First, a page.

• Loss of control by local government

As discussed earlier that it's a common misconception that in every Public private partnership the government or the public sector loses its control over the decision making and implementation of its interest. But sometimes it really can happen. Due to its nature of involving the risk sharing factor and distribution of decision making power the private partner would like to take a slight edge. It can be disputable concern among the partners that who will control the price standards and the delivery of the services. This issue can be sort out while signing the contract where both of the parties come to a point and define each other's position in controlling and maintaining the services according to the stakes invested. The government has to ensure the protection of public interests and has a responsibility and authority to keep the servicing standards in check.

• Increased costs

While making the price or fees policies for the delivery of service not every government or the public firm considers the actual costs of making these services accessible to public. For example, the price of individual services is calculated without including the costs of depreciation and other overhead costs like administration. Some time the government has to subsidies the prices for the certain services. But in case of public private partnership each and every cost has to be included in the pricing policy which increases the price which the end user has to bear. Creating more complex policy for the sake of increasing the fees makes public private partnership insignificant for certain type of services.

• Political risks

We have a plenty of examples where governments in UK have an extensive involvement in public private partnerships. Lack of knowledge and experience of the stakeholders and government about the public private partnership can increase the political risks and make it more vulnerable in political environment. Government is capable of reducing such risks by using different options such as understanding the nature of public private partnerships while engaging in to a less complex and simpler form of public private partnership.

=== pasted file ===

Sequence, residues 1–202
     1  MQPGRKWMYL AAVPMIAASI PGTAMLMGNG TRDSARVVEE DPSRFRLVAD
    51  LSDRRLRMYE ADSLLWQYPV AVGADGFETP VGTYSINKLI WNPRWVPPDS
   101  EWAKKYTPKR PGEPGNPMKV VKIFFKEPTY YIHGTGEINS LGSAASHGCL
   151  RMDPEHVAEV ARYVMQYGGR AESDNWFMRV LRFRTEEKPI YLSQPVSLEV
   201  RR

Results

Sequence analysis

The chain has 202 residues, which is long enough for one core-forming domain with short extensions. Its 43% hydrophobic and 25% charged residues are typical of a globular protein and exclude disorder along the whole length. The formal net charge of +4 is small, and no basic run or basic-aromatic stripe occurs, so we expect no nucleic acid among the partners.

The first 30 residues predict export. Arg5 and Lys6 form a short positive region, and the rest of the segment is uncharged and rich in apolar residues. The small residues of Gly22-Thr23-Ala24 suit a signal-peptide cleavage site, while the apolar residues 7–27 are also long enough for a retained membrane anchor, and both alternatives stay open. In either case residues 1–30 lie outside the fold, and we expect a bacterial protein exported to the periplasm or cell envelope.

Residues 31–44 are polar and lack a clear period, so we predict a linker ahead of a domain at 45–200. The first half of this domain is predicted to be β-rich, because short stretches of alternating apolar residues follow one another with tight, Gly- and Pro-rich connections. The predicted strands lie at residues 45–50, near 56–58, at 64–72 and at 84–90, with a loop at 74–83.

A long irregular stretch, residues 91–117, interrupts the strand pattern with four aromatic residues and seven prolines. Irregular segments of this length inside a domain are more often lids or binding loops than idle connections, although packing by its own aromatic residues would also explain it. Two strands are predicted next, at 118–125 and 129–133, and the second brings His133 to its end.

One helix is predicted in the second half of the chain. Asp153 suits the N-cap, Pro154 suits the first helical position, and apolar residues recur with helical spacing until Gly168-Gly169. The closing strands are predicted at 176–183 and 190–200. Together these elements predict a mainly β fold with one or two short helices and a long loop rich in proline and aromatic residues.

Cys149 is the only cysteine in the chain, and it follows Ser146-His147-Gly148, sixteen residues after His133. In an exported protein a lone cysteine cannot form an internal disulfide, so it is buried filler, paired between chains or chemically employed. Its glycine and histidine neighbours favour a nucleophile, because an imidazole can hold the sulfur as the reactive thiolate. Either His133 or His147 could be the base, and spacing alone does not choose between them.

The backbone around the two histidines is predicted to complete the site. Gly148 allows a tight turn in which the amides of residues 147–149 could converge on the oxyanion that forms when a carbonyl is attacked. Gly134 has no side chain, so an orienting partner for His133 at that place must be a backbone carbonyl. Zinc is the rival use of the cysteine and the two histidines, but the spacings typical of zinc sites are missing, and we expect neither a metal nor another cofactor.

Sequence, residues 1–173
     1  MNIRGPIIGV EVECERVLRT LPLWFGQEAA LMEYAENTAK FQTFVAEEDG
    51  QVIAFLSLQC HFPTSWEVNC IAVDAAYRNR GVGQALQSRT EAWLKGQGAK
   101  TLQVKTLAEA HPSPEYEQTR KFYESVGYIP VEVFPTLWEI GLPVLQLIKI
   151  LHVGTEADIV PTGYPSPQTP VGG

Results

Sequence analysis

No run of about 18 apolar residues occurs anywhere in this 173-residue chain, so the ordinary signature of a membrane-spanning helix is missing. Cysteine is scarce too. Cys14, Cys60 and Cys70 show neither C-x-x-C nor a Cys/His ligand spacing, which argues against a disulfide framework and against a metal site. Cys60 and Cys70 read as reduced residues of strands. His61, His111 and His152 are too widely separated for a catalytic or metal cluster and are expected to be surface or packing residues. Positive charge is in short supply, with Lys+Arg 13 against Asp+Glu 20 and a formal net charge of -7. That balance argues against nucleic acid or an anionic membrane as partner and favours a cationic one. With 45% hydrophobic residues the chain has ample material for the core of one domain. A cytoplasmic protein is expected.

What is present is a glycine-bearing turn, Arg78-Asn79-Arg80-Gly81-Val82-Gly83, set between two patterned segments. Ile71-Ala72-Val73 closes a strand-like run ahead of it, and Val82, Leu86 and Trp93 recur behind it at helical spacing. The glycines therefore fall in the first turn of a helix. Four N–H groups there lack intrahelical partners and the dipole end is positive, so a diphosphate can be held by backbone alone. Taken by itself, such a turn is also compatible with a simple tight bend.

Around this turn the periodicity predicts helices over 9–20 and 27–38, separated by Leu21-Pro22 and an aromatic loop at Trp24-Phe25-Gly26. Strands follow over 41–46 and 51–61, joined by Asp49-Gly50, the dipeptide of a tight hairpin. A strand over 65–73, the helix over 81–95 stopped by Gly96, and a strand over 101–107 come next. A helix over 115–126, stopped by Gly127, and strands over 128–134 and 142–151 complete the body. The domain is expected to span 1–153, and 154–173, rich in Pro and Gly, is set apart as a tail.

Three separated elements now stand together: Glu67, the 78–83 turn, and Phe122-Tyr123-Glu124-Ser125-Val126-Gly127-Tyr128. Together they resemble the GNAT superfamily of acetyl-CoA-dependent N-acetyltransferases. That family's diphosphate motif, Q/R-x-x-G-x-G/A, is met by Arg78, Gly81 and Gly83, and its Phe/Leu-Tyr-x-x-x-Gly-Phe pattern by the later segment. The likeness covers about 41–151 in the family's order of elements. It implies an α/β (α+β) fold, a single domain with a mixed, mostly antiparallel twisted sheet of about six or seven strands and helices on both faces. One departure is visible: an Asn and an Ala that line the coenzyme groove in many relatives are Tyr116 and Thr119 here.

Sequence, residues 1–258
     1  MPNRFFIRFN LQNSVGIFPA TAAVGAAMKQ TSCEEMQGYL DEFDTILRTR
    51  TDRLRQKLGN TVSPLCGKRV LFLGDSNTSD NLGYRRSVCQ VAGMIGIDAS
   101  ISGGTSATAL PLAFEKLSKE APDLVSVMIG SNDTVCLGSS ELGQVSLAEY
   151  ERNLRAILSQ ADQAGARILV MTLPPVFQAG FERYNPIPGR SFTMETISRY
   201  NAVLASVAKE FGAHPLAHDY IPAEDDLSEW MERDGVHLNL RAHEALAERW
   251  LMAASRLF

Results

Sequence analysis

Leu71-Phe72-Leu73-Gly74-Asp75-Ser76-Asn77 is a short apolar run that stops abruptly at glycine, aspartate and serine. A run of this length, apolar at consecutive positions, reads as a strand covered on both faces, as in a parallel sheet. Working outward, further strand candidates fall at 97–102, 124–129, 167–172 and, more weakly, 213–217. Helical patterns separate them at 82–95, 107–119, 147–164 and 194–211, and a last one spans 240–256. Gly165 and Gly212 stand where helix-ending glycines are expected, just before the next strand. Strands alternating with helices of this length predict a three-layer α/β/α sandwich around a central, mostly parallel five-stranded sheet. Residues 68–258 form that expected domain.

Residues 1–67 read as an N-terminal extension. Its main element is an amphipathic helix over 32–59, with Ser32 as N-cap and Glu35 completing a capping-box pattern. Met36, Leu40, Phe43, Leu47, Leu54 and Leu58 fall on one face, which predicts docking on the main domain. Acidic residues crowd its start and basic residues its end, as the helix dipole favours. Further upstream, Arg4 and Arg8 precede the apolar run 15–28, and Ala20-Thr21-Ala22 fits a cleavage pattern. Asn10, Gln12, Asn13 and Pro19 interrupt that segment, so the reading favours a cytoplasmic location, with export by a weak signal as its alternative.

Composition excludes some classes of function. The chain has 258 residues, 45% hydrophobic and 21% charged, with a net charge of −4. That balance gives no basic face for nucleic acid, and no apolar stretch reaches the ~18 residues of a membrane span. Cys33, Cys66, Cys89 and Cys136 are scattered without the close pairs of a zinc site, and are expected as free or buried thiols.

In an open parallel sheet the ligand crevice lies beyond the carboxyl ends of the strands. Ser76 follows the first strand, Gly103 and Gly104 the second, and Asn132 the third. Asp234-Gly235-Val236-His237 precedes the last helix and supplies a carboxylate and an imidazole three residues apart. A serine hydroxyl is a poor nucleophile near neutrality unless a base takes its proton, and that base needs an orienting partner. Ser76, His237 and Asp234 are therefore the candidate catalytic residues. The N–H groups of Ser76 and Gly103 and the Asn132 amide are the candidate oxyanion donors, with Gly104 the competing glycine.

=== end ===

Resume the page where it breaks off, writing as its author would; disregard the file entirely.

• Unacceptable levels of accountability

Usually the services that are provided by the government are more sensitive than others because they are more visible to the public and it needs more transparent approach to accountability. So in case of public private partnership, (Broadbent and Laughlin, 1999) the accountability factor for the services that are being provided are not clear and accessible to the normal public if compared to the conventional system. This drawback of the partnership may result in criticism by the public on the private partner to not taking public into account. Government can counter this criticism by properly responding the public about their demands.

• Unreliable service

In some situations the private partners can face some uncertainties or some unexpected problems like financial deficit and labor disputes that may prevent them to meet the target or commitment in the time frame. In such cases where chances of uncertainties are high the partnership contract should be design in way that it can support both of the parties in difficult scenarios.

• Inability to benefit from competition

One of the reasons that governments chose PPP is that it can create a healthy Competition in the market and every private partner can get equal chance to win a contract so it can take advantages of diminishing costs, achieving efficiency and bring innovation out of this competition. Incase if the number of private firms competing for the contract are less then instead of creating competition it will create monopoly and power of negotiation will transfer to the private partner. The government needs to be stronger if not then it cannot take any benefit from the competition.

• Reduced quality or efficiency of service

Again it depends on how well the paper work is executed in reality and how properly public private partnership contract is structured. If the possible risks are underestimated and not much effort is put up in realizing the importance of different functions of the contract then much worse should be expected. The result could be fall in the quality of the service, lack in service maintenance, increasing costs and inefficient provision of the services.

• Labour issues

In public private partnership arrangement the labor sector might feel uneasy in working with the new bosses and new chain of command. They might need time to adjust themselves for working under new management and hierarchy. The labor unions might react adversely and oppose the arrangement which they can do under the labor law for public private partnership.

Public private partnership in u.k